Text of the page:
Australians “uncomfortable” with GM food
Australians remain uneasy about eating genetically modified (GM) foods, according to research from Swinburne University.
The University’s fifth National Science and Technology Monitor found most people well informed about GM but still very mistrustful of the institutions that commercialise GM foods.
“A major target of public mistrust is Monsanto, the world’s biggest seed company that owns patents on over 90% of all commercial GM soy, corn, canola and cotton crops that are grown,” Gene Ethics director Bob Phelps asserted.
Swinburne’s survey asked 1,000 respondents how comfortable they are with GM plants for food and the latest average score was 3.9 on a scale of 10 where zero is ‘not at all comfortable’.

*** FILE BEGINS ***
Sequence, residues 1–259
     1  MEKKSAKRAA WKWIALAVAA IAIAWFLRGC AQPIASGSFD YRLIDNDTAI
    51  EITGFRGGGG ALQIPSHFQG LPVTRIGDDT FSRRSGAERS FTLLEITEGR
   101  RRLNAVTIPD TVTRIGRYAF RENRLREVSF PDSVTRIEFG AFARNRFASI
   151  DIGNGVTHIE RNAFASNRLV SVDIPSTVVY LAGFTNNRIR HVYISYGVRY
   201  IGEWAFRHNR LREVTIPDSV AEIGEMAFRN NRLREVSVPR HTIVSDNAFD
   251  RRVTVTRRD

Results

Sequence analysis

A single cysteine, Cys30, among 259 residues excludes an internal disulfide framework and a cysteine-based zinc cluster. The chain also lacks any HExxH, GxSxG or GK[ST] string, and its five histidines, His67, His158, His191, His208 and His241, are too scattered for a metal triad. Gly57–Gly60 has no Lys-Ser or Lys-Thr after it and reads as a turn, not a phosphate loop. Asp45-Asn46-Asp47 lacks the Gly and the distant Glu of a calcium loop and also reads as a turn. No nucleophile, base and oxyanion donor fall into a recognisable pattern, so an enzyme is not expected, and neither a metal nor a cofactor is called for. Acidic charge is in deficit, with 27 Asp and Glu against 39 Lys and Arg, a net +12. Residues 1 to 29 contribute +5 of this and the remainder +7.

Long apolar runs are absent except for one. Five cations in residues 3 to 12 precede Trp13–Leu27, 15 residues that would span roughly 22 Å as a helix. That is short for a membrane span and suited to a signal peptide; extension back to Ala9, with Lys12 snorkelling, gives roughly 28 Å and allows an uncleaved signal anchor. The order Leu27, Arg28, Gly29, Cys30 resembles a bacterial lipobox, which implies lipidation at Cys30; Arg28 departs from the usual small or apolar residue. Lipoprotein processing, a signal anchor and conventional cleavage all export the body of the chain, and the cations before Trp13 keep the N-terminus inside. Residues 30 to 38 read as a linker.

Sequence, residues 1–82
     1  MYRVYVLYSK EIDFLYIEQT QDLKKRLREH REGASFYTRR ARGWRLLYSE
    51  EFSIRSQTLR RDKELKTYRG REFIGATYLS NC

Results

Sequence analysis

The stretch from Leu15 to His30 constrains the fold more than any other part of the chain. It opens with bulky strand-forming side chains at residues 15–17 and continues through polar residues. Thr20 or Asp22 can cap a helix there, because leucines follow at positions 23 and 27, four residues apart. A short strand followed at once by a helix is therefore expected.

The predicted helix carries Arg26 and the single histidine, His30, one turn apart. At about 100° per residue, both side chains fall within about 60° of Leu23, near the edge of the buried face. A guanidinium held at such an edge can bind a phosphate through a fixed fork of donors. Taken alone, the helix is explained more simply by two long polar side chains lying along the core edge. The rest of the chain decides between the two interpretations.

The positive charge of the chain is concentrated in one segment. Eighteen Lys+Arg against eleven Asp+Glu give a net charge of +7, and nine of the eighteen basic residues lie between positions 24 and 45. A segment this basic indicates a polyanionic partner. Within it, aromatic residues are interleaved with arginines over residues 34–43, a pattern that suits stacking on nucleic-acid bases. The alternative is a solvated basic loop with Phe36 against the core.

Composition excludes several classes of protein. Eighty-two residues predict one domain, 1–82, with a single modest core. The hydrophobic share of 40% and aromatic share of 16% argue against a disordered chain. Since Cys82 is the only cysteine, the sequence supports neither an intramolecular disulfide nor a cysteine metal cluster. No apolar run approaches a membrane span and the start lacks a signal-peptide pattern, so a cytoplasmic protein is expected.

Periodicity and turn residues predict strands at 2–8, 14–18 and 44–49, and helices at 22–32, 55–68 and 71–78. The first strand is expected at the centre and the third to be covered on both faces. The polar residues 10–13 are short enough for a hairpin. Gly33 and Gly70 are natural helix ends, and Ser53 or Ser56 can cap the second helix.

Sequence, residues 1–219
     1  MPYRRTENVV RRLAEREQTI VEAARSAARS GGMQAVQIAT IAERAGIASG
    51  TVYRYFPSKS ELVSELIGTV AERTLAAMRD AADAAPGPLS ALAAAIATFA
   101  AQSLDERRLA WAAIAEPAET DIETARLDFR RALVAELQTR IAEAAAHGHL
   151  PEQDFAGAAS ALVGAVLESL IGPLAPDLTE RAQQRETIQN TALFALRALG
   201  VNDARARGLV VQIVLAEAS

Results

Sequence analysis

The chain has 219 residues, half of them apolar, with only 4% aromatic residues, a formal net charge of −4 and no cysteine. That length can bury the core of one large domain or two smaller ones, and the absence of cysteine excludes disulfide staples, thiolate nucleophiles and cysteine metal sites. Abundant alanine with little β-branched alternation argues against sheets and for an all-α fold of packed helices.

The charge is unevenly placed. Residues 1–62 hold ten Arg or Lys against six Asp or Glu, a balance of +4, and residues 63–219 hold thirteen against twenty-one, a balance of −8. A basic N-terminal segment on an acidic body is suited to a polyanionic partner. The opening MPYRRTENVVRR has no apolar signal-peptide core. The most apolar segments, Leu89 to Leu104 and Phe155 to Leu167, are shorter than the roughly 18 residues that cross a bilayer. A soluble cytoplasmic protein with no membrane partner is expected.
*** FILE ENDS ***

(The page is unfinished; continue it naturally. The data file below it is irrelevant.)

“It seems that public perceptions of GM agriculture have barely changed in the past five years,” said one of the study’s authors, Professor Michael Gilding.
“In the past, industry and governments adopted the approach ‘Trust us!’. In the contemporary age of climate change, stem cell research, nanotechnology and GM agriculture, this will not be enough. There will need to be more effort at transparency, participation and communication.”
Gene Ethics’ Mr Phelps argues the findings should coerce caution from governments and producers.
“Australian food processors and shoppers are adamant that fully labelled GM-free foods must remain an option and our governments must ensure they permanently remain on the shelves,” Mr Phelps concluded.